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SADLER, Harry (1900-1918) – Private, Royal Warwickshire Regiment

Harry Sadler moved to Badsey from Willersey in about January 1917.  Private Sadler’s name is recorded on the war memorial in St James’ Church, Badsey, and he is buried in the churchyard.

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Harry Sadler was born at Willersey, the second of four children of George and Jane Sadler.  He had an older brother, Frank, and two younger sisters, Florence Daisy and Ivy Blanche.  Harry’s father, George, died in 1906 and Jane married again, in 1908, to widower James Jordan who had two sons.  At the time of the 1911 census, James and Jane were living in Willersey with James’s two sons and Jane’s four children.

By January 1917, the family was living in Badsey, as that was the date when the youngest in the family, Ivy, enrolled at Badsey Council School.  The family lived at 8 Bowers Hill.

Harry turned 18 in June 1918, thus becoming eligible for military service.  He joined the 5th Reserve Battalion, Royal Warwickshire Regiment.  Just a few months later he died at Northumberland War Hospital, Gosforth, on 17th October 1918 as a result of pneumonia following influenza; he was buried in Badsey Churchyard.  Local members of the VTC formed a bearer-party but, in accordance with the wishes of Private Sadler’s mother who wished the funeral to be as quiet as circumstances would allow, there were no volleys and no “Last Post”.  The choir attended and sang a psalm and hymn in church and another hymn at the graveside and the organist played the Dead March.  Six months later, the military authorities erected a wooden cross over his grave.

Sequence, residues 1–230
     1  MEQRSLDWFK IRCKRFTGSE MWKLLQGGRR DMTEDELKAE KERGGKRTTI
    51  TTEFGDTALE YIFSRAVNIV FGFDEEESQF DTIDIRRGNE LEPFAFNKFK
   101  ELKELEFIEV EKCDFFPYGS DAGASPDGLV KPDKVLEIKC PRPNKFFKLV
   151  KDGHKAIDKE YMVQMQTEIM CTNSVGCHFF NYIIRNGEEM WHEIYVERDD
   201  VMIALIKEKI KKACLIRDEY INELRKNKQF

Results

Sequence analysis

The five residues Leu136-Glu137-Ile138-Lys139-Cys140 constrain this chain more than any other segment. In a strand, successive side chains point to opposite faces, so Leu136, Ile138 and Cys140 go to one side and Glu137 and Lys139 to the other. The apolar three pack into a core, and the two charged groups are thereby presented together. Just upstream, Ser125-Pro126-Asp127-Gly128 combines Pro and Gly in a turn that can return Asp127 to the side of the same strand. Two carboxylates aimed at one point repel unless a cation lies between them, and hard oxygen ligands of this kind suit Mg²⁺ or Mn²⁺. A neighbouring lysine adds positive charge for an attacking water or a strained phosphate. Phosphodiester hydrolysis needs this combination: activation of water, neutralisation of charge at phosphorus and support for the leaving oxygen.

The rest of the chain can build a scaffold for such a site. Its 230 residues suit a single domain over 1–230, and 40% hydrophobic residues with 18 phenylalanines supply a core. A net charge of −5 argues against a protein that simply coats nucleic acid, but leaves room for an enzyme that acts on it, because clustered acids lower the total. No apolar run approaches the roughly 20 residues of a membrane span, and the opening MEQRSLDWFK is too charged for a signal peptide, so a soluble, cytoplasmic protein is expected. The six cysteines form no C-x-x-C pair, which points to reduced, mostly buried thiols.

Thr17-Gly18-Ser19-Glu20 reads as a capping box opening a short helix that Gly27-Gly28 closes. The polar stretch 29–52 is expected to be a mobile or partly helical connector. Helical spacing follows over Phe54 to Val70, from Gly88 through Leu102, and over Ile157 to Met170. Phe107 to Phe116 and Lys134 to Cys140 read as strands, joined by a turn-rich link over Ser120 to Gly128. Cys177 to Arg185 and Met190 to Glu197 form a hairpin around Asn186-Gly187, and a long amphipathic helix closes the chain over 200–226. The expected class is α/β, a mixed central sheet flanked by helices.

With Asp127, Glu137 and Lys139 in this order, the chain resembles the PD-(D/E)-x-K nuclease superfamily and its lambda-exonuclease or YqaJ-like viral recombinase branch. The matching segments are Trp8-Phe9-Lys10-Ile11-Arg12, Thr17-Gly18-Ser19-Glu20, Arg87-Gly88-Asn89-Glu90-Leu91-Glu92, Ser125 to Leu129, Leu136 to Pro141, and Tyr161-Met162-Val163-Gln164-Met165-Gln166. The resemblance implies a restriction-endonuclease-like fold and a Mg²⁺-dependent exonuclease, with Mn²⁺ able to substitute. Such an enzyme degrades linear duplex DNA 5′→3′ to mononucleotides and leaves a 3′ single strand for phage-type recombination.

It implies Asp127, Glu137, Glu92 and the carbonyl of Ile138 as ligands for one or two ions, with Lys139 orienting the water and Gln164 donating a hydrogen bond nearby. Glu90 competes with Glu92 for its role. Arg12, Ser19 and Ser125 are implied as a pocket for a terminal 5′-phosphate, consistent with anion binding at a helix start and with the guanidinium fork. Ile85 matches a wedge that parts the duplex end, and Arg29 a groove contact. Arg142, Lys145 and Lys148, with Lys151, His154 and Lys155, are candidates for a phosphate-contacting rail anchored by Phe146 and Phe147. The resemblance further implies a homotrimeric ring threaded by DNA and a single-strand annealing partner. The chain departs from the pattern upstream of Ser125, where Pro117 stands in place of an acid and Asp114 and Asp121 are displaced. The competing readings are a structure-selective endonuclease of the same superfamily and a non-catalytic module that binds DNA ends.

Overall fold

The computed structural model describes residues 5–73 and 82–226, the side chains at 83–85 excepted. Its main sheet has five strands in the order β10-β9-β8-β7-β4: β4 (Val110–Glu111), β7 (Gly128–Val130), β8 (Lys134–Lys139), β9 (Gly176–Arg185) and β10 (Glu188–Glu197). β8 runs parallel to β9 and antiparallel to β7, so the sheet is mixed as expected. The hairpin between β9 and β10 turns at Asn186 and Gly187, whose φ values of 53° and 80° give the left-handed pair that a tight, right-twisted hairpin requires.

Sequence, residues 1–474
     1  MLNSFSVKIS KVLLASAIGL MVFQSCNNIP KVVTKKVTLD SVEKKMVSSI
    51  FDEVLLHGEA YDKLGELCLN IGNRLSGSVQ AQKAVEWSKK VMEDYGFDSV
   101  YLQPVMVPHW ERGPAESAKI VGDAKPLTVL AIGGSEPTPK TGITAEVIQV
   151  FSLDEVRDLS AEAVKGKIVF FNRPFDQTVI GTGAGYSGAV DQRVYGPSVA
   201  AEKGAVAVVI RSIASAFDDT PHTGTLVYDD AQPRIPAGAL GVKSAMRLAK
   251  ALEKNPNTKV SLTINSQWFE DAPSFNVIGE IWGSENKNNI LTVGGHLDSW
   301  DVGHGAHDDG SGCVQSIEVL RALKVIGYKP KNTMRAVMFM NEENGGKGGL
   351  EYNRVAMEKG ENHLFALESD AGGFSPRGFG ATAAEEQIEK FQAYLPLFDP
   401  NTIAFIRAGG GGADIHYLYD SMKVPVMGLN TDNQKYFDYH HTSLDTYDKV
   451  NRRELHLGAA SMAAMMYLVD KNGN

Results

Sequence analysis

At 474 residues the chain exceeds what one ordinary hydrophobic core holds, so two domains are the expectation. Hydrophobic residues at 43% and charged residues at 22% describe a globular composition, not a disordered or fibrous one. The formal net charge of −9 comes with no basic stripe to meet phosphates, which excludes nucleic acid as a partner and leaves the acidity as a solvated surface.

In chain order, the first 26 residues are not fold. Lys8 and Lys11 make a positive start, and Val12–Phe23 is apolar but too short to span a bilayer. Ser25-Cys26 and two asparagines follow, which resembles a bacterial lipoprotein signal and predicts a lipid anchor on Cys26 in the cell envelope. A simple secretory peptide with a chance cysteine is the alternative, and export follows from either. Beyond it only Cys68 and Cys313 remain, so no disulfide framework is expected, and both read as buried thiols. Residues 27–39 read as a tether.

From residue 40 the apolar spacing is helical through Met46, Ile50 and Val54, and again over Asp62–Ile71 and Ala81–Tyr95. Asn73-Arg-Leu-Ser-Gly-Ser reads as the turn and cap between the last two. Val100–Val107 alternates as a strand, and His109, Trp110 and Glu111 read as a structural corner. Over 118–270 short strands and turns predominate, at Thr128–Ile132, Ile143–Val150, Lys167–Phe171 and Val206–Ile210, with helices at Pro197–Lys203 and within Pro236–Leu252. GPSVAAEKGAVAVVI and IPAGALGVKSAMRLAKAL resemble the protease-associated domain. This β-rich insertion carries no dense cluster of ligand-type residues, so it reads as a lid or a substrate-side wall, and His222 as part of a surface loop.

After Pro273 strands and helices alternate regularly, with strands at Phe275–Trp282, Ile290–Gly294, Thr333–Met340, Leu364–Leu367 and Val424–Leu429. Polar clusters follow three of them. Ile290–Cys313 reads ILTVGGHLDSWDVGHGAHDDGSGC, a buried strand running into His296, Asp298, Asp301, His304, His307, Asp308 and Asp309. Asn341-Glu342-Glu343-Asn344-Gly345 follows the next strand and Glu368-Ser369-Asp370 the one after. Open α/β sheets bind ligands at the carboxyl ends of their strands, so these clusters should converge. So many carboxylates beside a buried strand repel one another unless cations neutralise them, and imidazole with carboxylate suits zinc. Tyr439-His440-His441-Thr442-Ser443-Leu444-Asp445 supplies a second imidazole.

1918 was a sad year for the Sadler family:  George Sadler and two of his brothers each lost a son.  Arthur Sadler (son of Arthur), aged 23, died on 22nd March 1918; Ernest Charles Sadler (son of Charles), aged 19, died on 13th April 1918; and Harry (son of George) died on 17th October 1918.  In 1916, Thomas Sadler (son of William), aged 22, had died on 30th July.  Three of the cousins, Arthur, Ernest Charles and Thomas, are named on the Willersey War Memorial.  Even though he spent most of his life in Willersey, Harry was not recorded at Willersey, only on the Badsey War Memorial.

Jane Jordan’s other son, Frank, also suffered injuries during the Great War.  Shortly before his brother’s death, he was wounded in the arm and head on 6th October 1918, but was progressing favourably at a hospital in Bristol.  Frank continued to live in the Vale of Evesham until his death in 1970.  James and Jane Jordan continued to live at 8 Bowers Hill until at least 1931.